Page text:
Written by Reut Hackmon, Chief Security Advisor at Cybrella.io Israel
Hacking is simply manipulating an administrative or technological procedure, finding a loophole in it, and exploiting it so that it behaves differently for your own benefit. While that may sound simple, successful hackers exhibit creative ways of thinking and acting. To be able to defend your organization, you have to learn your attackers’ thoughts and techniques, and aspire to become even better than them. By doing so, you can become a “white-hat hacker” who “hacks for protection” on behalf of your organization.
I am sure that you have experienced the following at least once in your life. After knowing something perfectly well, you get an idea of how to unacceptably change its behavior by manipulating a little step on the way. This is the way of the hacker.
That’s why learning the very minor details of a target is crucial, and might be the most important phase when targeting a system, product or procedure. The learning phase will include thorough information gathering regarding any aspect of the system:
• Technologies: types, versions, vendors
• Steps and requirements
• Input handling and resulting responses
• Human involvement
• Business concerns of the administrator/organization
“To be able to defend your organization, you have to learn your attackers’ thoughts and techniques, and aspire to become even better than them.”
More questions and issues will come to mind depending on the target system. They all must be thoroughly explored to extinguish any doubt. Asking the right questions, and being creative in generating those questions, is part of the hacker’s way of thinking “outside the box.”
In light of that, the very first defense for any organization (and even individual) is to minimize the information that might be accessible by others. That’s why security advisors debug organizations for minor exposures that seem harmless, such as the server header in a server response. Security specialists know that it’s the little things that motivate an attacker to build massive attacks that can cause a lot of damage.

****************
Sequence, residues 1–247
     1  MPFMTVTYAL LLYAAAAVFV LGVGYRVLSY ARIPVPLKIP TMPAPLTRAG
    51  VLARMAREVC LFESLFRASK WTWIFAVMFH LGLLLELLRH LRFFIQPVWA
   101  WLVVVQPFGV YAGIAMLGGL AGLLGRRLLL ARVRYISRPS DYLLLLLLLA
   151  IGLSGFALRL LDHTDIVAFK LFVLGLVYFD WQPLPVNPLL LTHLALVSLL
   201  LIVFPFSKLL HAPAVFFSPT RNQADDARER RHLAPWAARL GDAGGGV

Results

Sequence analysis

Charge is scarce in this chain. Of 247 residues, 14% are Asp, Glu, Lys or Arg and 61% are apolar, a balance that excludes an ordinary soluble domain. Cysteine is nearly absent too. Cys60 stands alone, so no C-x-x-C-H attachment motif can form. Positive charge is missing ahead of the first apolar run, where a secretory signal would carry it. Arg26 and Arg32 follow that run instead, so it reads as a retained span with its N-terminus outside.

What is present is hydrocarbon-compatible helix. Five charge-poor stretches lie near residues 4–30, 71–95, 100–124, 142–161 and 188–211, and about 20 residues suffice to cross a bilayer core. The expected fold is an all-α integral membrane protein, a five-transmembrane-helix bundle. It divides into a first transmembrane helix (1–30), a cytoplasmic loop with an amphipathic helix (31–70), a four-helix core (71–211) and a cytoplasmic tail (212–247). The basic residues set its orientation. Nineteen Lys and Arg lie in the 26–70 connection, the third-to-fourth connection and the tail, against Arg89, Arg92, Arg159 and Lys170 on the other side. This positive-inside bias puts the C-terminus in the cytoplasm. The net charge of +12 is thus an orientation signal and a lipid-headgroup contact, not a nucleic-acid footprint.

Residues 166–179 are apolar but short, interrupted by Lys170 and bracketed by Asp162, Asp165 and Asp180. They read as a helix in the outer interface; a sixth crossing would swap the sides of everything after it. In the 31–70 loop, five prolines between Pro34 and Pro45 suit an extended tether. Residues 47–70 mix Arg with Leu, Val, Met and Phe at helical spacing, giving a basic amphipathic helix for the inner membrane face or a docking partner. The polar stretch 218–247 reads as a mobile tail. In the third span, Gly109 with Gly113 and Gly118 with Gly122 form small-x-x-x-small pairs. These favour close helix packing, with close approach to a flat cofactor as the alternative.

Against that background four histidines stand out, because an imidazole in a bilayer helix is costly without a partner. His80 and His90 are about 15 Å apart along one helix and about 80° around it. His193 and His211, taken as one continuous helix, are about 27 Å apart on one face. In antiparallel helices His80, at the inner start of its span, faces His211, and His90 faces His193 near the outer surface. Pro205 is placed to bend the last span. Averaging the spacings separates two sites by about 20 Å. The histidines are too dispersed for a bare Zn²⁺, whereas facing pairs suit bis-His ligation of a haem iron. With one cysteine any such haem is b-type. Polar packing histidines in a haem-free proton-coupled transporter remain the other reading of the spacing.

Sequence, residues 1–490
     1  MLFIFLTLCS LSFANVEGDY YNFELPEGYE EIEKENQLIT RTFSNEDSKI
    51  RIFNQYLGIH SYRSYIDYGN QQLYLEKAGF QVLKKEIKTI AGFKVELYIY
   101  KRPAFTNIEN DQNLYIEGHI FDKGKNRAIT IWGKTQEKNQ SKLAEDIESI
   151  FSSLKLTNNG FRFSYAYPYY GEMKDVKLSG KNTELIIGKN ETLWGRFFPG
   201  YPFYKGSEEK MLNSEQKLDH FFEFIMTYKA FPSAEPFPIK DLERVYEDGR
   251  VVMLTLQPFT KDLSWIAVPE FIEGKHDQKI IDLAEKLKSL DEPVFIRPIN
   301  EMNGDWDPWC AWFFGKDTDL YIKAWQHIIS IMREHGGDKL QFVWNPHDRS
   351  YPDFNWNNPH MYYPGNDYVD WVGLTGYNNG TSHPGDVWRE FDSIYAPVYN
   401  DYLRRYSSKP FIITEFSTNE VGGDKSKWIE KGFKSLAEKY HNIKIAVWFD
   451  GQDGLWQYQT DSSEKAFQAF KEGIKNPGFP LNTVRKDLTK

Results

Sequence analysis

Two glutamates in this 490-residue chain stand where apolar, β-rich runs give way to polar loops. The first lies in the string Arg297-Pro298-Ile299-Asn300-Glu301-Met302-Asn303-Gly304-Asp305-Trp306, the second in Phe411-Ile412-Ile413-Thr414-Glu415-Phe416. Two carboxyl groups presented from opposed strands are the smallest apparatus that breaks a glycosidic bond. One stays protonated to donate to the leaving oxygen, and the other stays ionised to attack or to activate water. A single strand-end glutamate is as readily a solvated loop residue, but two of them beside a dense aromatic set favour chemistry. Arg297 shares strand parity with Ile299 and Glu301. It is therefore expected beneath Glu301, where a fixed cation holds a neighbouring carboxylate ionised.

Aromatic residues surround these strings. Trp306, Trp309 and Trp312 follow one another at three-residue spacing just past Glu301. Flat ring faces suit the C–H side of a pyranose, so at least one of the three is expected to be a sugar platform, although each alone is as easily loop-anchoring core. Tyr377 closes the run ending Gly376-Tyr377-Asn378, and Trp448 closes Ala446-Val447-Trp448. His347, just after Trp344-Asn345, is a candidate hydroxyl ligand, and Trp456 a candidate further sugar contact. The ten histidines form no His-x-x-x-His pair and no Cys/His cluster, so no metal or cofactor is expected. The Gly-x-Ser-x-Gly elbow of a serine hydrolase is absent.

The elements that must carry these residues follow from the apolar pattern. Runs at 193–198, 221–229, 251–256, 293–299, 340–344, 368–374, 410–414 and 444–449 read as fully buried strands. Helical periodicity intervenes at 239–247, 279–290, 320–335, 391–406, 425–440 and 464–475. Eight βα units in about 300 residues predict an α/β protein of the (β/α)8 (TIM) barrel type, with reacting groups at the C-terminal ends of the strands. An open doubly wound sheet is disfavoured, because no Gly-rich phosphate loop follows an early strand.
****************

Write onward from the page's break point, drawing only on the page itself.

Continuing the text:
Motivated attackers don’t accept no for an answer. They probably have the financial and other recourses necessary to penetrate their target. When one tries to disclose protected information, the hacker tries to break into any system that protects it, or better yet, find a way around it.
The hacker always believes that anything can be breached. That’s why implementing protections shouldn’t end right there, but should be followed by asking creative questions – questions that a hacker would ask herself when reaching an obstacle. What can I find out about this technology I am facing? Are there any known vulnerabilities? Are there important configurations that might have been ignored by the IT administrator? Are there guidelines that the programmers didn’t take into consideration?
There are even more questions that a creative attacker would ask, and she will invest great time and effort to find the answers. Many of these answers are available on the network, so searching and finding them is a great skill to develop. Mastering search engines’ algorithms and connecting to the right forums and online communities that share valuable information about technologies and vulnerabilities are all inseparable and necessary for successful hacking activities.
White-hat hacking for protection is recommended for any organization, office or start-up. You should regularly implement hacking activities and explore various development or protection techniques. Proactive white-hat hacking is one of the best ways of assuring maximum immunity to malicious hackers that might target your organization.